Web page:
I would like, in a very short time, to give you a few of the details of the problems that we are faced with, and the chaos into which we will be driven if this amendment is not passed. Of the 21 organizations which I have mentioned, the largest producer bottles not over 20,000 cases a month. Our own organization will average from 5,000 to 6,000 cases. Some of the rectifiers, I would imagine, would bottle as little as 1,500 to 2,000 cases a month.

None of us are overfinanced. As a matter of fact, citing our own company, we have to buy whisky in advance made by an independent

distiller, who gives us no credit. We make payment on the whisky as it matures, and tax-pay our merchandise as we use it, and as a result we cannot afford to tax-pay more than 1, 2, or 3 days' supply.

In addition to that, we buy certain imported whiskies that cost as high as $5 and $6 a gallon in bond, and we have to carry a supply of that to protect our market.

The banks will not loan is any money except against receipts, and the banks today are against loaning out money even on receipts.

What will we do on the 1st of July? We cannot possibly bottle more than a week's supply ahead, and I am going to compete there against the large rectifier or distiller who can bottle anywhere from one to six months ahead of time. We are all in competition, the big distillers and ourselves. We get no credit from the big distillers. There are 375 rectifiers in this country, and I think that there is not more than a handful in position to bottle more than one or two weeks' supply.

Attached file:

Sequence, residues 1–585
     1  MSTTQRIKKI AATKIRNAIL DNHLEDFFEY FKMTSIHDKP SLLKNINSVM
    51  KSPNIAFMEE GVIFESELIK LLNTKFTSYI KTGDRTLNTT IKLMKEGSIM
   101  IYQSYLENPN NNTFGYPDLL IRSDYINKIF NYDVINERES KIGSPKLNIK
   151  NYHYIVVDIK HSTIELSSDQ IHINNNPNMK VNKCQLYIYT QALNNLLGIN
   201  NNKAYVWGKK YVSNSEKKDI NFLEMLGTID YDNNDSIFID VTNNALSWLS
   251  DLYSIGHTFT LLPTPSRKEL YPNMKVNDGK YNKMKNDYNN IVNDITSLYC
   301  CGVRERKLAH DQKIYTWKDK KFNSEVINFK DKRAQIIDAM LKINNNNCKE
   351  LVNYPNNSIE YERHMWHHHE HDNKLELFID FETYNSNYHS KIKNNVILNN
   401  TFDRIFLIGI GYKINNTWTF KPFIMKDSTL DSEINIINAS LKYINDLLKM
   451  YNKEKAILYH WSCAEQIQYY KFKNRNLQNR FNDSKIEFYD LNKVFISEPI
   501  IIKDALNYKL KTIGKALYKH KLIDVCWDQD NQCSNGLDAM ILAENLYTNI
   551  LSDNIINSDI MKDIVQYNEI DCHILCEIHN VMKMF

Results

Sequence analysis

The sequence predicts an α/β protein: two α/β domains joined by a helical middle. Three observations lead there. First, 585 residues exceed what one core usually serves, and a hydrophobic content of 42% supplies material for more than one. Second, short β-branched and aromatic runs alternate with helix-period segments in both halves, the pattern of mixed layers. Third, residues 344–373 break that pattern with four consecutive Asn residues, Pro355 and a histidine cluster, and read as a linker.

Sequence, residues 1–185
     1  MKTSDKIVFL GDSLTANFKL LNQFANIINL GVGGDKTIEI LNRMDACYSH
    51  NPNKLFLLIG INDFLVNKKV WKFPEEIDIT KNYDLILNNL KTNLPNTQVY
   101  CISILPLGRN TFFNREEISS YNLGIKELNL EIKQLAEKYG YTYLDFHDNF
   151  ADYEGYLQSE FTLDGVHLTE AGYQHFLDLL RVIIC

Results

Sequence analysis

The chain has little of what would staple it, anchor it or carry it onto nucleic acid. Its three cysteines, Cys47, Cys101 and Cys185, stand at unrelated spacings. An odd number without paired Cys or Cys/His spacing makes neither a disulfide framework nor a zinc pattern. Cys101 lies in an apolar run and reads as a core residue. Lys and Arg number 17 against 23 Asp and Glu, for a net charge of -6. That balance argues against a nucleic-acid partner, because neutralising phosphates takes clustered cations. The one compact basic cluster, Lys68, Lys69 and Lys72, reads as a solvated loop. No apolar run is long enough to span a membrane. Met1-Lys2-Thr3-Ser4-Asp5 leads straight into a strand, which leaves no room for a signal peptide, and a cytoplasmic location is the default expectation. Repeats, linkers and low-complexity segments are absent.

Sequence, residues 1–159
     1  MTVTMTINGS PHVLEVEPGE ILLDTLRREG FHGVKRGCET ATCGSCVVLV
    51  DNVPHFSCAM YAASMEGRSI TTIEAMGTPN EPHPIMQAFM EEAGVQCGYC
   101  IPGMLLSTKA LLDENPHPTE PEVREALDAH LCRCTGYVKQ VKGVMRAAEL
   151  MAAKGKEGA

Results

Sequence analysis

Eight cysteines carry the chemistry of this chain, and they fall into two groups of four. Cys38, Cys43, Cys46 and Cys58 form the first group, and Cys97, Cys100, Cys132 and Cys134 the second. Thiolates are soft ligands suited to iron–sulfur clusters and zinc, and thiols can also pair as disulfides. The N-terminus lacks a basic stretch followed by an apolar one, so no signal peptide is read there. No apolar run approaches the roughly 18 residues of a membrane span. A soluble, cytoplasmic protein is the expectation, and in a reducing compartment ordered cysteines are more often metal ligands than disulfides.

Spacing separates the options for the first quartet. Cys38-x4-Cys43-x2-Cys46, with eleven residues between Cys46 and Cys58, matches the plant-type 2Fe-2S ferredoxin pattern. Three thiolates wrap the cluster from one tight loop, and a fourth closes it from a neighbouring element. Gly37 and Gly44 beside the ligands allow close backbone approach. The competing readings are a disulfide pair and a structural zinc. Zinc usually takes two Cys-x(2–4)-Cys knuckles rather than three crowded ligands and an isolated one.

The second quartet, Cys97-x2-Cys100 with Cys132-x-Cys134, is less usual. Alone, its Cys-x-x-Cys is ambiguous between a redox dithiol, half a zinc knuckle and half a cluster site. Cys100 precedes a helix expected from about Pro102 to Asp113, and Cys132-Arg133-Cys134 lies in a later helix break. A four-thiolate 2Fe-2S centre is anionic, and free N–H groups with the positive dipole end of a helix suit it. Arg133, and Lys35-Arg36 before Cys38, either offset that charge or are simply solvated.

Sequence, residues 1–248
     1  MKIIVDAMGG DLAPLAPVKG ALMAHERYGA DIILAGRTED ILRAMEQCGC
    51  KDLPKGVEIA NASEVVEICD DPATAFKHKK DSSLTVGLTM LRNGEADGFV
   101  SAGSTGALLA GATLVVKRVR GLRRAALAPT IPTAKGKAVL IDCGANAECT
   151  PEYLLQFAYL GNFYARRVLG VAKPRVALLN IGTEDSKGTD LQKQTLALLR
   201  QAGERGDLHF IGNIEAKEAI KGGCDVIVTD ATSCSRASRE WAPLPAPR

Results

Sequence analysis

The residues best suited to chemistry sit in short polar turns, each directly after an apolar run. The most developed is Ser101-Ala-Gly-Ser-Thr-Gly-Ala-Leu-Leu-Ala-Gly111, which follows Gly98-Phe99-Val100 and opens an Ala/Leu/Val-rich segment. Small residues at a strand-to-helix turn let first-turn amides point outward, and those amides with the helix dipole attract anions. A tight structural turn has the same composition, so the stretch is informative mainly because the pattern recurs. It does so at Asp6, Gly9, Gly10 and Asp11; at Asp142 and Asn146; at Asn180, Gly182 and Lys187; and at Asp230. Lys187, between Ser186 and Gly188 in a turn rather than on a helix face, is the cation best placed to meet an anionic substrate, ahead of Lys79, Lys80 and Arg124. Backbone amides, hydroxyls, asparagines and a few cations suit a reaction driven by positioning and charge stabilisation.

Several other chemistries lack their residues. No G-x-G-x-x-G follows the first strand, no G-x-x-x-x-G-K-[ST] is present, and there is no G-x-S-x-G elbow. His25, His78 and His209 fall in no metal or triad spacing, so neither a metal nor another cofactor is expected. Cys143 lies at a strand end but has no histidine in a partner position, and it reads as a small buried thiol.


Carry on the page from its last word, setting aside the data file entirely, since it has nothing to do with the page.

Then we have another situation in the Chicago area, with which I am familiar. There is a union which controls the workers in the rectifying plants. I believe that the total number of factory employees who are in the actual production of these various bottlings total between 700 and 1,000 employees. A business agent of the union told me the other day that there are 200 unemployed members of this workers' union.

I know for a fact that if this resolution is not adopted, and the race for tax paying goes on, and we know it is going to come; everybody is going to borrow, beg and steal whatever they can to get their floors stocked up before July 1, and that means that after July 1, all of these plants will have to start selling that merchandise and they won't have anything to bottle. We do not want to add unemployed people to the relief rolls.